Thursday, September 17, 2009

America's Sweet Tooth Addiction

Congratulations to Americans Against Food Taxes for producing a political issues ad that is accurate. The group opposes a one-cent per-ounce tax on sugary soft drinks that Congress is eyeballing to generate more revenue. The ads claim the regressive tax would hit those who least can afford it the most.

On the flip side, sugar tax advocates say the products they are targeting pose a significant contributor to juvenile diabetes, high blood pressure and obesity and could generate $15 billion in the first year to fight the diseases. The tax would apply to soft drinks, energy drinks, sports beverages and many juices and ice teas, but not sugar-free diet drinks.

The major fallacy in both arguments is that sugar is the boogie man when added ingredients such as fructose and corn syrup are the real devils.

The issue is so hot Congress removed the proposal from its health reform legislation to consider it as a separate revenue issue later this year. Translation: The beverage industry lobby smacks a powerful punch.

The New England Journal of Medicine Wednesday reported findings of a study that the tax would not only raise millions but also have a significant effect on reducing weight and other health risks. The study cited research on price elasticity for soft drinks that has shown that for every 10% rise in price, consumption declines 8 to 10%. A similar study on cigarette taxes showed a decline in smoking among adults by 2% and teenagers 7%.

From the New York Times:

John Sicher, the publisher of Beverage Digest, a trade publication, said that a two-liter bottle of soda sells for about $1.35. At 67.6 ounces, if the full tax was passed on to consumers, that would add 50% to the price. A 12-can case, which sells today for about $3.20, could rise by $1.44, a 45% increase.

“A one cent per ounce tax would create serious problems and potentially adversely impact sales for the American beverage industry,” Sicher said.

The Times also quotes Kevin W. Keane, senior vice president of public relations for the beverage industry:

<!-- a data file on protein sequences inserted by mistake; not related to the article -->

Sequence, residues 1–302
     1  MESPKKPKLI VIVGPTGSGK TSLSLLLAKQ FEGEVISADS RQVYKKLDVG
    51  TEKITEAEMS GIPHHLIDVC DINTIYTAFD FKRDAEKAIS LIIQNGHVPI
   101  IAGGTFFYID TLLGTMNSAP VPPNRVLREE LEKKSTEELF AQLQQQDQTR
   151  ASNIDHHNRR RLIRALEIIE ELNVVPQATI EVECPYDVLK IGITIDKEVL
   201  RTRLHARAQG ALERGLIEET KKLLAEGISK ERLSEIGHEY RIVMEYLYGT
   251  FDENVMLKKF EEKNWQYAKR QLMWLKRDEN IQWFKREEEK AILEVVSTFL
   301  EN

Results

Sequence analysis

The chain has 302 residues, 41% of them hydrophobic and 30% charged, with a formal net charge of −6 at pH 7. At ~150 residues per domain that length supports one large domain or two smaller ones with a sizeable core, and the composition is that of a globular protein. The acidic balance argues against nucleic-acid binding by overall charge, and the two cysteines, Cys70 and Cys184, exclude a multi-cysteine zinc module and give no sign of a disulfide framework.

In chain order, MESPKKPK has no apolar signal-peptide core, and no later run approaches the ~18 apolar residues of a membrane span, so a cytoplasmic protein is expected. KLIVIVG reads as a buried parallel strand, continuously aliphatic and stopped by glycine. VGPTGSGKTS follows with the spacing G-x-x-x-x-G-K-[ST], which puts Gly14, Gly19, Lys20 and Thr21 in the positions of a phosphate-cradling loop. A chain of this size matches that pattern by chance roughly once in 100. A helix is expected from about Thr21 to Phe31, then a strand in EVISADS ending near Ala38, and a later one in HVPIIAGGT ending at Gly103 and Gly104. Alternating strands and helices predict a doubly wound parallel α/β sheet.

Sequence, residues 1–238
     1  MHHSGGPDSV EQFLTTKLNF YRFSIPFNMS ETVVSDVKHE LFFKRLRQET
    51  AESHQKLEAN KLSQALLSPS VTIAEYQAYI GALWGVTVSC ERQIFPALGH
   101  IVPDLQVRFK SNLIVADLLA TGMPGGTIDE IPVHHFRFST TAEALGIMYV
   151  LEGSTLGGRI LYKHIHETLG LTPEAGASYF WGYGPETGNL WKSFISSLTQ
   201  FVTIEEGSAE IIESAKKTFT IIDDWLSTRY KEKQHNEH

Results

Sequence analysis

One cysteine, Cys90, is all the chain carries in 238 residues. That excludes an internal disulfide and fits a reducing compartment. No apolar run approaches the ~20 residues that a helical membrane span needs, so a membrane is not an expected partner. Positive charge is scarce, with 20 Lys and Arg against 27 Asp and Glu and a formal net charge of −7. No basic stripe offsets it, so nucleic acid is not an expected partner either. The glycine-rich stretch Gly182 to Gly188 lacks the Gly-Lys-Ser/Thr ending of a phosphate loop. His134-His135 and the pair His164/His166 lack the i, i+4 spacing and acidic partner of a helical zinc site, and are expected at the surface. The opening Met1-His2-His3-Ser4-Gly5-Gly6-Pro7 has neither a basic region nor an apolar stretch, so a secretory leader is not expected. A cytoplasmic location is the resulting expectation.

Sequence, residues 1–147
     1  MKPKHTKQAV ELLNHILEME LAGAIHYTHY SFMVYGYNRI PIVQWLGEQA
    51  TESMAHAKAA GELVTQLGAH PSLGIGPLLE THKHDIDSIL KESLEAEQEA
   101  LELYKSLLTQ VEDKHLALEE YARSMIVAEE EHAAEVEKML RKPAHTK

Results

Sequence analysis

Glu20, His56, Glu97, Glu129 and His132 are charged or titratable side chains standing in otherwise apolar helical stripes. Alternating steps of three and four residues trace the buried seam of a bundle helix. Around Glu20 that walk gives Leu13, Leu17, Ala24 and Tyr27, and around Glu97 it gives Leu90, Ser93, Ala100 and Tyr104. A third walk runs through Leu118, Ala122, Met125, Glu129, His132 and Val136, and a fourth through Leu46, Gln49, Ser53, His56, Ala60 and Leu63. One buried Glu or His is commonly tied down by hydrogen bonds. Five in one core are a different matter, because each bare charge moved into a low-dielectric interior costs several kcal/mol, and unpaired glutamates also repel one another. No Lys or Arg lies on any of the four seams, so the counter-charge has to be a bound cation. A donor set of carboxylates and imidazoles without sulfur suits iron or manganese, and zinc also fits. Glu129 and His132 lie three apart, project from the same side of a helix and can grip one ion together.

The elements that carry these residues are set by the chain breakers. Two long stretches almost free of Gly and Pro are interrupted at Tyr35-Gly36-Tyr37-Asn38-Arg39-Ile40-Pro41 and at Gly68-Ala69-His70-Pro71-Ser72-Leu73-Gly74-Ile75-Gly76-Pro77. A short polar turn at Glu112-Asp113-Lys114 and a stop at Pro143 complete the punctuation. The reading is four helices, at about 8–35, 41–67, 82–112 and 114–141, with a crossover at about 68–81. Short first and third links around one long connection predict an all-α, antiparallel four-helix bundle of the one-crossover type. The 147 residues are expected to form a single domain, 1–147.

“When it comes to losing weight, all calories count, regardless of the food source,” Keane said. “The bottom line is that the tax isn’t going to make anybody healthier. It’s not going to make a dent in a problem as complex and serious as obesity, and we’re certainly not going to solve the complexities of the health care system with a tax on soda pop."

Susan K. Neely, president of the American Beverage Association, takes it a step further. She maintains that soft drinks don't play a role in the obesity epidemic - that consuming too much is the problem. "Soft drinks are just a fun beverage along with a lot of other beverages and foods that we like to eat or drink. It's eating too much of something that is a problem," she said.

Kelly Brownell, director of the Rudd Center for Obesity at Yale University said in an interview with ABC TV that a penny-an-ounce tax would have an immediate and powerful impact on the nation’s elevated obesity rate. He called it a home run.

He said that a tax was justified in part because conditions like obesity and diabetes are often treated with public funds through programs like Medicaid and Medicare. Revenue from the tax could help pay for such care.

According to the ABC report, the average American consumes 50 cans of soda pop per month.

The heart of the argument for limiting sugary consumption is Americans consume too much -- about 22 teaspoons daily or 355 calories per day when only six teaspoons are needed, according to Rachel K. Johnson, lead author of the statement published online Monday in the American Heart Association journal Circulation.

I have a simple solution to the sweet tooth addicts. Instead of sugar, add Splenda or any other artificial sweetener.

What boggles my mind is that health experts tend to downplay the worst contributors to sugary and fatty foods. It's not sugar by itself at work. It is the variety of ingredients including sugar, corn syrup, fructose, dextrose, molasses or evaporated cane juice and anything hydrogenated which are on the nutrition labels of all packaged food and beverages, according to Lona Sandon, a dietitian at Dallas' University of Texas Southwestern Medical Center.

As in many debates, there are self-serving claims which amount to a mountain of BS. This one is quoted from Bloomberg News in the New York Times article.

Muhtar Kent, the chief executive of Coca-Cola, was asked about the tax on Monday during an appearance at the Rotary Club of Atlanta and he responded by calling it “outrageous.”

“I have never seen it work where a government tells people what to eat and what to drink,” Kent said. “It if worked, the Soviet Union would still be around.”

Coca-Cola is the world's largest beverage company in an industry which contends its revenues are flatlining and cannot withstand any tax increase. According to its own financial statements, Coca-Cola total revenues were $8.627 million in the second quarter of 2009 compared to first quarter earnings of $7.169 million. Annual revenues for 2008 were $31.944 million over the previous year's $28.857 million.

Big Coke is doing quite well despite the threat of a socialistic takeover.

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